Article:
(10) A policy-holder who abandons his claim under subsection (9) of this section shall have the right to cancel his contract, in which case he shall be entitled to claim the portion of premium corresponding to the unexpired term of the risk insured by him or to the mathematical reserve, in the case of life assurance.
(11) Any insurer from whom the business is transferred shall not be registered anew to undertake the same class or, as the case may be, classes of insurance business until after the expiration of five years from the issue of the approval by the Commission or sanction of the Court.
31. Documents to be deposited with the Commission after amalgamation or transfer
Within three months after the date of completion of the amalgamation, transfer or acquisition of insurance business under section 30 of this Act, the insurer carrying on the amalgamated business or to whom the business is transferred or by whom the business is acquired, as the case may be, shall furnish in duplicate to the Commission-
(a) certified copy of the agreement or deed under which the amalgamation, transfer or acquisition had been effected;
(b) certified copy of the agreement or deed under which the amalgamation, transfer or acquisition had been effected;
(c) a certified copy of the actuarial or other reports upon which the agreement or deed was founded; and
(d) a declaration signed by each of the insurers concerned-
(i) that to the best of their knowledge and belief, every payment made or to be made to any person on account of the amalgamation or transfer is therein fully set forth; and
(ii) that no other payments beyond these set forth have been made either in money, policies, securities or other valuable consideration by or with the knowledge of any of the parties to the amalgamation or transfer.
PART VI
Winding-up
32. Winding-up petition
(1) A petition for the winding-up of an insurer may be presented to the Court either- (a) subject to the approval of the Commission by not less than 50 policy-holders, each of whom holds a policy that has been in force for not less than three years, on the grounds specified in sections 408 and 409 of the Companies and Allied Matters Act, 1990; or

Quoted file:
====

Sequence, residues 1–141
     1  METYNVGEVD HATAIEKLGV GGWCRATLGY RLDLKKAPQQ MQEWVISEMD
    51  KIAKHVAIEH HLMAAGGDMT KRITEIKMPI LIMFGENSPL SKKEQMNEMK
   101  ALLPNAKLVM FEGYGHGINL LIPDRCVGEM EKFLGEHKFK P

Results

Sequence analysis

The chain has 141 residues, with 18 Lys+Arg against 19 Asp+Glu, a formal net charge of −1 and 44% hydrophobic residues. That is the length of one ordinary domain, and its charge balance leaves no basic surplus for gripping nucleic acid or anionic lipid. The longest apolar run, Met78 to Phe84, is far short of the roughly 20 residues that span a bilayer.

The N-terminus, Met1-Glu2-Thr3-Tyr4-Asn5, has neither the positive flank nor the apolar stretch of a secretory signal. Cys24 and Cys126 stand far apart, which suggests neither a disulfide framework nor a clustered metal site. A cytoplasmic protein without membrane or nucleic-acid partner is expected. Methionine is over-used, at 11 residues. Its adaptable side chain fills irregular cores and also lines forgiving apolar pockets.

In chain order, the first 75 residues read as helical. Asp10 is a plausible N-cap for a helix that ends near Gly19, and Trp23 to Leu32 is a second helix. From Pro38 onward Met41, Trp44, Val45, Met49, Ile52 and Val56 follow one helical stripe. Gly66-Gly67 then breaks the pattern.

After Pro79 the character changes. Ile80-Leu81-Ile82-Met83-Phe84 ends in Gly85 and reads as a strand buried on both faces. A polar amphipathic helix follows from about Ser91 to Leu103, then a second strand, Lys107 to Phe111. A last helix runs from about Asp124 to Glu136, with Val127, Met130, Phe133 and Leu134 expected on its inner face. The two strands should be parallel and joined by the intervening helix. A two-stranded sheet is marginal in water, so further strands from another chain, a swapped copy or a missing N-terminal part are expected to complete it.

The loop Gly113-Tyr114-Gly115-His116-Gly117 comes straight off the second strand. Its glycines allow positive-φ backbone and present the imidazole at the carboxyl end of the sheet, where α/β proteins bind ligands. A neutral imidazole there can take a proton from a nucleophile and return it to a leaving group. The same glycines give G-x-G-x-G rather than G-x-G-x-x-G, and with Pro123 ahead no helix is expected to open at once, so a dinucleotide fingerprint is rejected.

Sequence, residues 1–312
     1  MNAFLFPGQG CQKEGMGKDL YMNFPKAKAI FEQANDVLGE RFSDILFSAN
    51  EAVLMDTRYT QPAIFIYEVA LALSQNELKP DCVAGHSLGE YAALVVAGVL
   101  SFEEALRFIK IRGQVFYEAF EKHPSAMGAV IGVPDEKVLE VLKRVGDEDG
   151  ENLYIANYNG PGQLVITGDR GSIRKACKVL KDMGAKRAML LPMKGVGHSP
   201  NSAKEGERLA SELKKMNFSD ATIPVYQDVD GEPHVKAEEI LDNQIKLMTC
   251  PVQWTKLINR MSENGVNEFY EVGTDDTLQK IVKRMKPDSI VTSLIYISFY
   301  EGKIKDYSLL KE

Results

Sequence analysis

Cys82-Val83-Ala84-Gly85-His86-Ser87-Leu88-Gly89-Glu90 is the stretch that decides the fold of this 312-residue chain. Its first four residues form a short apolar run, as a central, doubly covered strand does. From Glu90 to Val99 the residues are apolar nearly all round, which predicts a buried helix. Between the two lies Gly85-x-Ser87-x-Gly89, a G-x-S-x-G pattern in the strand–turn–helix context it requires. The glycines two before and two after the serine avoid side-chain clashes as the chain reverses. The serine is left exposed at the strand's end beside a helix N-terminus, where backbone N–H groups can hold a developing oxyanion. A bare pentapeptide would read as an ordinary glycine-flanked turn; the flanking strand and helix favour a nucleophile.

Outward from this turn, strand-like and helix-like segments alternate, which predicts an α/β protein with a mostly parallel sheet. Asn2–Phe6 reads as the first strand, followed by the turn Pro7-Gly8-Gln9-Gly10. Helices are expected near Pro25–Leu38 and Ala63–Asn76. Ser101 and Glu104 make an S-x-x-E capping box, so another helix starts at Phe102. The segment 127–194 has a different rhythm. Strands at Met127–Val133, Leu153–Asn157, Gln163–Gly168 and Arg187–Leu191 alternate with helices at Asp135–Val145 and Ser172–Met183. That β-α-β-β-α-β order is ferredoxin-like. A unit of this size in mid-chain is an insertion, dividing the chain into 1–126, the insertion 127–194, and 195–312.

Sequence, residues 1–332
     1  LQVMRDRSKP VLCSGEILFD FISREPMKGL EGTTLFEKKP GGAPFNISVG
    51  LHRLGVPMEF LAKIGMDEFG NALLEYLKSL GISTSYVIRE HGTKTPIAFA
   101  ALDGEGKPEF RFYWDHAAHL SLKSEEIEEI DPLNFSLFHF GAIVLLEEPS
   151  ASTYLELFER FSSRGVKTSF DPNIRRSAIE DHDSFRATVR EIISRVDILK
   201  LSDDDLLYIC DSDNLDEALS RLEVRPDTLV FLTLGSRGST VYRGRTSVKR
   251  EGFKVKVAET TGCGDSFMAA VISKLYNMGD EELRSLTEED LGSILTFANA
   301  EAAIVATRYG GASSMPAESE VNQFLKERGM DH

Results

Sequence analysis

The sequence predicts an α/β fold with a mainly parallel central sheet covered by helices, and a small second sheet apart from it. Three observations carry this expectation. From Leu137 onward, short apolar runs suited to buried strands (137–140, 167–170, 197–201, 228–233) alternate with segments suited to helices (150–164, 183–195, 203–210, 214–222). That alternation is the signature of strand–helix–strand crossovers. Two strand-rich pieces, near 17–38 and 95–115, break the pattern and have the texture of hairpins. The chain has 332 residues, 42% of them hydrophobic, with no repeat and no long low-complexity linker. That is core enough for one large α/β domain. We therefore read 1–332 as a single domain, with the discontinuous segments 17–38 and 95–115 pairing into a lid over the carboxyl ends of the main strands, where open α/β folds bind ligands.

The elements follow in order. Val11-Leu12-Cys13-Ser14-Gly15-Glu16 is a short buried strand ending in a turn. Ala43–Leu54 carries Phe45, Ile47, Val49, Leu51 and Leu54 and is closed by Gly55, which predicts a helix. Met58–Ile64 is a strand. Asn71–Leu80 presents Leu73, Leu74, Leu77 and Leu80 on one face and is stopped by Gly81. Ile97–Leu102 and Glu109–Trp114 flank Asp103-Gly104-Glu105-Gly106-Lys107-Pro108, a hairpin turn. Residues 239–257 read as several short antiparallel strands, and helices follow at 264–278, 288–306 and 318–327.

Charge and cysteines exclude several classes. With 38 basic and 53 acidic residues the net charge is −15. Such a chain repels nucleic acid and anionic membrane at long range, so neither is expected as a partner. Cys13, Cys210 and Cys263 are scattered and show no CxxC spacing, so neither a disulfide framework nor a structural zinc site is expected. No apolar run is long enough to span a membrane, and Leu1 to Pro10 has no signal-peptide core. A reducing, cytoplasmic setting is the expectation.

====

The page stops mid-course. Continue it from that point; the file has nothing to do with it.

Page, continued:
(b) by the Commission on any of the following grounds, that is-
(i) that the registration of the insurer has been cancelled in accordance with section 8 (2) of this Act; or
(ii) that the insurance company cannot be revived despite the intervention of the Commission.
(2) The provisions of the Companies and Allied Matters Act, 1990 shall have effect, subject to this Act, as if the petition under subsection (1) of this section was presented under that Act.
(3) In all cases the Commission shall monitor the winding-up processes.
(4) Notwithstanding the provisions of the Companies and Allied Matters Act, 1990 or any other enactment, the following priority list shall be followed in settling debts owed by the company- (a) liquidation fees;
(b) secured creditors;
(c) policy-holders;
(d) other creditors;
(e) staff; and
(f) shareholders and Directors.
33. Prohibition of voluntary winding-up
Notwithstanding the provisions of the Companies and Allied Matters Act, 1990 or any other enactment, no insurer which transacts life insurance business shall voluntarily wind-up its business except for the purpose of effecting an amalgamation, transfer or acquisition under this Act.
PART VII
Insurance Agents, Brokers and Loss Adjuster
34. Insurance agents
(1) No person shall transact business as an insurance agent unless he-
(a) possesses a certificate of proficiency issued in the name of the individual applicant by the Chartered lnsurance Institute of Nigeria (referred to in this Act as the “Institute”);
(b) is duly appointed by an insurer and licensed in that behalf under this Act.
(2) An application for a licence as an insurance agent shall be made to the Commission in the prescribed form and be accompanied by the prescribed fee and such other documents as may be prescribed, from time to time.
(3) If the Commission is satisfied that the applicant has satisfied the requirements of this section or such other requirements as may be prescribed, it shall license the applicant as an insurance agent.
(4) A licence issued under this section shall entitle the holder to act as an insurance agent for the insurers named in the licence and shall, subject to this section, be renewable every year on payment of the prescribed fee.
(5) A person who—
(a) is a minor;
(b) has not been certified as an insurance agent by the Institute;
(c) had, prior to the date of his appointment, been convicted by a court or tribunal of an offence in the nature of criminal misappropriation of funds or breach of trust or cheating, shall not be qualified for appointment as an insurance agent or be licensed under this Act.
35. Duties of insurers and agents inter se